Course 613 - Worker Safety in Restaurants

Safety guides and audits to make your job as a safety professional easier

Food Preparation Safety

The food preparation area of a restaurant gives young workers a chance to develop skills in culinary art, sanitation principles, and in the use of kitchen equipment. However, they may also be exposed to the following hazards:

  • machine guarding
  • knives and cuts
  • kitchen equipment
  • strains and sprains

Machine Guarding

When moving parts have the potential for causing severe workplace injuries, such as crushed fingers or hands, machine guarding eliminates or controls these hazards. It also provides essential and required protection for the worker.

Workers who often help prepare foods for restaurants are exposed to power-driven equipment such as commercial dough mixers, choppers, and slicers that may be hazardous if machine guarding is not in place.

Workers can be caught in the rotating blades of the mixer, resulting in strangulations, broken bones, and amputations. Cuts and amputation injuries can also occur when using or cleaning slicers and dicers.

Possible Solutions

Besides machine guarding, there are many other things you can do to protect yourself from power-driven equipment in restaurants:

stuck
Apron is caught in the mixer with no guarding.
  • Turn off and unplug machinery before cleaning or removing a blockage.
  • Get properly trained before using any equipment.
  • Ask for machinery to be securely fixed or bolted to benches or tabletops.
  • Do not put your hands into the machinery to manipulate food. Use pushers or tongs to move food in machinery.
  • Wear proper work clothing. Avoid loose-fitting clothing or jewelry that could catch in the machinery.

Safe Work Practices

Remember to follow the child labor laws that do not allow workers younger than 18 to operate, set up, adjust, clean, oil, or repair power-driven equipment, such as meat slicers or bakery mixers.

Make sure your employer labels equipment young workers are not allowed to operate. The DOL Youth Rules! website has downloadable stickers available to place on the hazardous machinery. The stickers alert all workers no one under 18 years of age may operate the equipment.

1. What can happen while using and cleaning slicers and dicers?

a. Fainting
b. Cuts and amputation injuries
c. Dizziness
d. Heart attack

Next Section

Knives and Cuts

knives
Sharp knives pose a hazard for workers preparing food.
Click to Enlarge

Workers who often help prepare foods for restaurants and are exposed to cuts while using sharp kitchen tools such as knives or cleavers.

Other sharp surfaces and equipment may also provide a cutting hazard for workers.

Possible Solutions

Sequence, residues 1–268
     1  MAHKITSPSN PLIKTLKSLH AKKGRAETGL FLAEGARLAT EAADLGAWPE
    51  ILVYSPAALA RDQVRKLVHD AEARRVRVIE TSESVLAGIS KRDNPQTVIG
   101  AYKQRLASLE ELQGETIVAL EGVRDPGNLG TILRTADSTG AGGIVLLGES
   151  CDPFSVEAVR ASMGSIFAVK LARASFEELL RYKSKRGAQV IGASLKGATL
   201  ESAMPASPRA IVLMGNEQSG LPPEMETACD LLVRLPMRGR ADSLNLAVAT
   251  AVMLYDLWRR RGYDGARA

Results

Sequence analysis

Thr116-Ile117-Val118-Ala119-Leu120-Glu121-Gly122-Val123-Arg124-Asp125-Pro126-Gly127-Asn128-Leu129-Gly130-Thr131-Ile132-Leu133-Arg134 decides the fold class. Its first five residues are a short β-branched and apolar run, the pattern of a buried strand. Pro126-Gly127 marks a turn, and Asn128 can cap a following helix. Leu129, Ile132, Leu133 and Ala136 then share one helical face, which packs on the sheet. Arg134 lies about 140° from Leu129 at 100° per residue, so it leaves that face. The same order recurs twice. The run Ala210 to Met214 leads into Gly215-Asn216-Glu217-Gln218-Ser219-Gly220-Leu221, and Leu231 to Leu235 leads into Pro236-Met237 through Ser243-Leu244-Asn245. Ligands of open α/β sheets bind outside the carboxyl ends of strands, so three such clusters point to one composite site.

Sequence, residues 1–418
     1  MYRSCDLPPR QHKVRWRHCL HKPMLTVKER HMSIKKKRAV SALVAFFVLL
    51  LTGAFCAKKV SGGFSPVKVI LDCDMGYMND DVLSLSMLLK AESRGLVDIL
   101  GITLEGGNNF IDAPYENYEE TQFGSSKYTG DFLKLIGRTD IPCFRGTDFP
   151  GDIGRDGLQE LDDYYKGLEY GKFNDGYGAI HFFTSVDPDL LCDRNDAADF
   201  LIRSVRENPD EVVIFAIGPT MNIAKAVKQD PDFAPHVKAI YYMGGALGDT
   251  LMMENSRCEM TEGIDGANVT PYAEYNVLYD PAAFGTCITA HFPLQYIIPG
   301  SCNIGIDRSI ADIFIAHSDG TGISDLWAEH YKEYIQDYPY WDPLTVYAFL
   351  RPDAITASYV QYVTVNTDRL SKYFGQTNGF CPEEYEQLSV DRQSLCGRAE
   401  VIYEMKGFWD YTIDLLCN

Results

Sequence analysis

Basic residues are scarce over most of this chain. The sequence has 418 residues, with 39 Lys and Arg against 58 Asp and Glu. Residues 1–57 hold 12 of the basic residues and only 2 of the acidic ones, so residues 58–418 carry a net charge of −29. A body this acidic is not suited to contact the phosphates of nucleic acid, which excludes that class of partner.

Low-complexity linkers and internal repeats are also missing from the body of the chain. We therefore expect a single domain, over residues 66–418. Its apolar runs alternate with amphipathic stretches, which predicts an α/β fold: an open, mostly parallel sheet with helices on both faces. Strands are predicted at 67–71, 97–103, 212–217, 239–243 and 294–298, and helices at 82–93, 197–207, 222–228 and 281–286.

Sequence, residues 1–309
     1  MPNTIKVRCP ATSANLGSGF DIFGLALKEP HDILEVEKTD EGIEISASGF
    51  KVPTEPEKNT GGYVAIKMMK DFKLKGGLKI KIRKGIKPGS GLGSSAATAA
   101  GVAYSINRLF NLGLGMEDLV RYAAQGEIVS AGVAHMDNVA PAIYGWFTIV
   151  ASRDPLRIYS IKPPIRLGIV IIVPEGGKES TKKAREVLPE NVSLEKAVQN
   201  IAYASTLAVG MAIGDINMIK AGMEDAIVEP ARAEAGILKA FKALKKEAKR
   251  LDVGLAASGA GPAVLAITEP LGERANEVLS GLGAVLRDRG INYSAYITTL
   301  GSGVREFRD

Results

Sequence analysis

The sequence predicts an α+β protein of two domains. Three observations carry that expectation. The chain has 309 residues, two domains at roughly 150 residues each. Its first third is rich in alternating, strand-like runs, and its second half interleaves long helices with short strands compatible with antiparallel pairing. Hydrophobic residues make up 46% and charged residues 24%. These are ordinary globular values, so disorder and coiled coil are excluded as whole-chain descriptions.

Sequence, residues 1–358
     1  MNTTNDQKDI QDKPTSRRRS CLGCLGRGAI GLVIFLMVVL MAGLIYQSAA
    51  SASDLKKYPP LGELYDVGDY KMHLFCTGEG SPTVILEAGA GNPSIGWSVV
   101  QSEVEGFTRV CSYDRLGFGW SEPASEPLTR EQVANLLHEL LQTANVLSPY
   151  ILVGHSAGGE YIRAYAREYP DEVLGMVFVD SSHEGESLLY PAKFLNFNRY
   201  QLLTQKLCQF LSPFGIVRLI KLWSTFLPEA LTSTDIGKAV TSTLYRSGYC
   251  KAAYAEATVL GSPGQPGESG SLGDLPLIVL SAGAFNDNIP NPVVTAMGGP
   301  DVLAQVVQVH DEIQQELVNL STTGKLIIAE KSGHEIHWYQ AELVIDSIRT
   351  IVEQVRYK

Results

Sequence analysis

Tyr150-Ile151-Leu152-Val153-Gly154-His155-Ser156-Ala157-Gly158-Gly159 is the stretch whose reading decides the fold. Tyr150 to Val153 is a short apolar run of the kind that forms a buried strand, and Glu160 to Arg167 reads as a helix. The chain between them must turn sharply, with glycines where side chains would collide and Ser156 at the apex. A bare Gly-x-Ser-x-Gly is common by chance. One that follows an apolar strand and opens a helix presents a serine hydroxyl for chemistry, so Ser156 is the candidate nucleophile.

Here are some tips to help prevent cuts while using knives in a restaurant:

  • Handle, use, and store knives and other sharp utensils safely.
  • Cut in the direction away from the body.
  • Keep your fingers and thumbs out of the way of the cutting line.
  • Use any protective clothing provided by your employer, such as steel mesh or Kevlar gloves.
  • Store knives, saws, and cleavers in a specific location when they are not in use.
  • Do not talk to co-workers while using a knife. When interrupted, stop cutting and place the knife down on a secure surface.
  • Avoid placing knives near the edge of a countertop.

Safe Work Practices

Employers should consider implementing the following safe work practices to keep employees safe:

  • Let only experienced and trained workers sharpen knives. When sharpening knives, keep the thumb beneath the knuckle guard rim protection on the sharpener handle. If you keep it on the top of the rim, you may get cut.
  • Keep knives sharpened and in good condition. Dull knives may slip and cause injuries.
  • Protect workers who use shake mixer blades. Don’t forget to remind employees to hold the top of the container onto the shake up while mixing. This will avoid exposure to the blades.

2. When using knives, in what direction should you cut?

a. Towards your body
b. At 90-degree angle
c. Away from your body
d. Close to your fingers

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Kitchen Equipment

Young employees can be exposed to potentially dangerous machinery in the kitchen, such as:

training
Get trained on how to use the equipment.
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  • slicers
  • dicers
  • choppers
  • mincers
  • microwaves
  • mixers

Before operating any types of kitchen equipment, you should do the following to protect yourself:

  • Get trained on how to use the equipment.
  • Wear any personal protective equipment provided by your employer.
  • Use machine guarding.
  • Ask for help if you are unsure how a piece of equipment works.
  • Follow the manufacturer’s instructions for machine usage and cleaning.